The Malay Archipelago has inspired scientists, naturalists and novelists for 150 years, from Joseph Conrad to David Attenborough. Let’s hope it can help inspire the current generation to do everything they possibly can to ensure the survival of the critically endangered orangutans of Borneo.

Acknowledgements

I would like to thank the Earl of Cranbrook for kindly providing his research into specimens collected by Wallace, Wan Faridah Wan Jusoh for information on locations in Sarawak, Muhammad Dzaki Safaruan (Lee Kong Chian Natural History Museum) and Barry Clarke for information about the Wallace and Ali Statue and Amanda Naaum for photos from Semanggoh Nature Reserve.

 

NatSCA Digital Digest – November

Compiled by Glenn Roadley, Curator (Natural Science), The Potteries Museum & Art Gallery.

Welcome to the November edition of NatSCA Digital Digest!

A monthly blog series featuring the latest on where to go, what to see and do in the natural history sector including jobs, exhibitions, conferences and training opportunities. If you have visited an exhibition/museum, have something to say about a current topic, or perhaps you want to tell us what you’ve been working on, please drop an email to blog@natsca.org.

Where Should I Visit?

The Towner Art Gallery in Eastbourne is opening a temporary exhibition curated by Caroline Lucas, the Green Party’s first MP. BRINK opens on Saturday 23rd November and continues until Sunday 10th May 2020. The exhibition consists of a selection of art works chosen to reflect and resonate with Caroline’s passions and interests, from her environmental work, issues of climate change and effects on our landscape, to her love of living in Sussex.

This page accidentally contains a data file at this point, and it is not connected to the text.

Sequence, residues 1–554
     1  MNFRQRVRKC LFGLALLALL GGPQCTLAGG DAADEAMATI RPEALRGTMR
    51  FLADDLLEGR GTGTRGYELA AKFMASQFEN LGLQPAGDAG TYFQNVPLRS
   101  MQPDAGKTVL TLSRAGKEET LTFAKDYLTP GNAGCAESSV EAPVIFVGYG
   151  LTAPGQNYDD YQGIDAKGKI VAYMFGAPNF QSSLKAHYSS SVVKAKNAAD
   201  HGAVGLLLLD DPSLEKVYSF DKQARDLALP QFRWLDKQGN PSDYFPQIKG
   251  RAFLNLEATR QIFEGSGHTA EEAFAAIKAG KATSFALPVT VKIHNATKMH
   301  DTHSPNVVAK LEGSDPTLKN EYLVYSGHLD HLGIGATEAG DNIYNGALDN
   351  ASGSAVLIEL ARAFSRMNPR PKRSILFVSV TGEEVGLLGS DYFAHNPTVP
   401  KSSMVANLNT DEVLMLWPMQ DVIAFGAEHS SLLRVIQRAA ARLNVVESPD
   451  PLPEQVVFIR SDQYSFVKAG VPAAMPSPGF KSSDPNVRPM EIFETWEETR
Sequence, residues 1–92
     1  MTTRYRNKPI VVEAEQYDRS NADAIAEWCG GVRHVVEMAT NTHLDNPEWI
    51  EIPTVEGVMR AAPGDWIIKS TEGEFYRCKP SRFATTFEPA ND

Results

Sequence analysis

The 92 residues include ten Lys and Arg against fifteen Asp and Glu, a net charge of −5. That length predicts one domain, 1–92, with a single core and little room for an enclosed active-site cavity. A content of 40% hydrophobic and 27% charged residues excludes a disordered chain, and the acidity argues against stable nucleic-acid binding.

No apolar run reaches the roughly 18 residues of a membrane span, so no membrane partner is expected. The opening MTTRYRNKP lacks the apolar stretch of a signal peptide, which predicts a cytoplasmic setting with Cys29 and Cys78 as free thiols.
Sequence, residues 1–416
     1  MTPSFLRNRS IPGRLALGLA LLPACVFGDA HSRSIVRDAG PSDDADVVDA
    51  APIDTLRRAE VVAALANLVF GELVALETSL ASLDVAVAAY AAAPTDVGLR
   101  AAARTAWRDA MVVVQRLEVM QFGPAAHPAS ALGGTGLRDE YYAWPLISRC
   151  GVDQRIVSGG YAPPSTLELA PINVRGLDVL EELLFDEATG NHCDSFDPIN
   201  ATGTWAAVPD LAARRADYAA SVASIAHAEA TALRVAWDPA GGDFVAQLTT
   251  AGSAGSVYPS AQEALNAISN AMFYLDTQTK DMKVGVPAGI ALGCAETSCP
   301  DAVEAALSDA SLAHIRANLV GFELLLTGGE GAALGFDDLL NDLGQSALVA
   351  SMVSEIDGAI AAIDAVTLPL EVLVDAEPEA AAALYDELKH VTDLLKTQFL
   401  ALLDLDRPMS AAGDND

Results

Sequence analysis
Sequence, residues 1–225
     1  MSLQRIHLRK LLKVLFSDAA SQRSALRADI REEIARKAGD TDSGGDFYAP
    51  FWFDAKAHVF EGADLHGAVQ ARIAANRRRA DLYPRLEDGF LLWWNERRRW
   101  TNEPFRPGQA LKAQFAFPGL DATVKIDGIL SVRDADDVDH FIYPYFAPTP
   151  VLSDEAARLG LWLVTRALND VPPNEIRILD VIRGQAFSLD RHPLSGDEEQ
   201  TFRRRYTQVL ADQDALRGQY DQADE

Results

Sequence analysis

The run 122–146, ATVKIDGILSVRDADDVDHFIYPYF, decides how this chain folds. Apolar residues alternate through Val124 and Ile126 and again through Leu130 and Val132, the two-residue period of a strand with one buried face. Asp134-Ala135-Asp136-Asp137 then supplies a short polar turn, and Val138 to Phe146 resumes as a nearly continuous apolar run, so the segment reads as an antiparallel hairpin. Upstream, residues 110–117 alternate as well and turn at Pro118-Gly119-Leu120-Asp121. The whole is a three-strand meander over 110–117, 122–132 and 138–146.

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Meet the NatSCA Committee – Kirsty Lloyd

Written by Kirsty Lloyd, BBSRC CryoArks Technician at the Natural History Museum, London.

What is your role on the NatSCA Committee?

I have recently become a member of the NatSCA committee after attending their conferences and events for several years.

Thus far I have taken on the role of tracking and supporting collections at risk. A natural sciences collection provides a perpetual physical snapshot of the natural world and holds important information which can help us better understand our planet today. However, this valuable resource is often the first to experience the strain of funding cuts, staff shortages and redundancies. Collections in long-term storage, especially those that exist outside of the public eye, are frequently underutilized and therefore undervalued.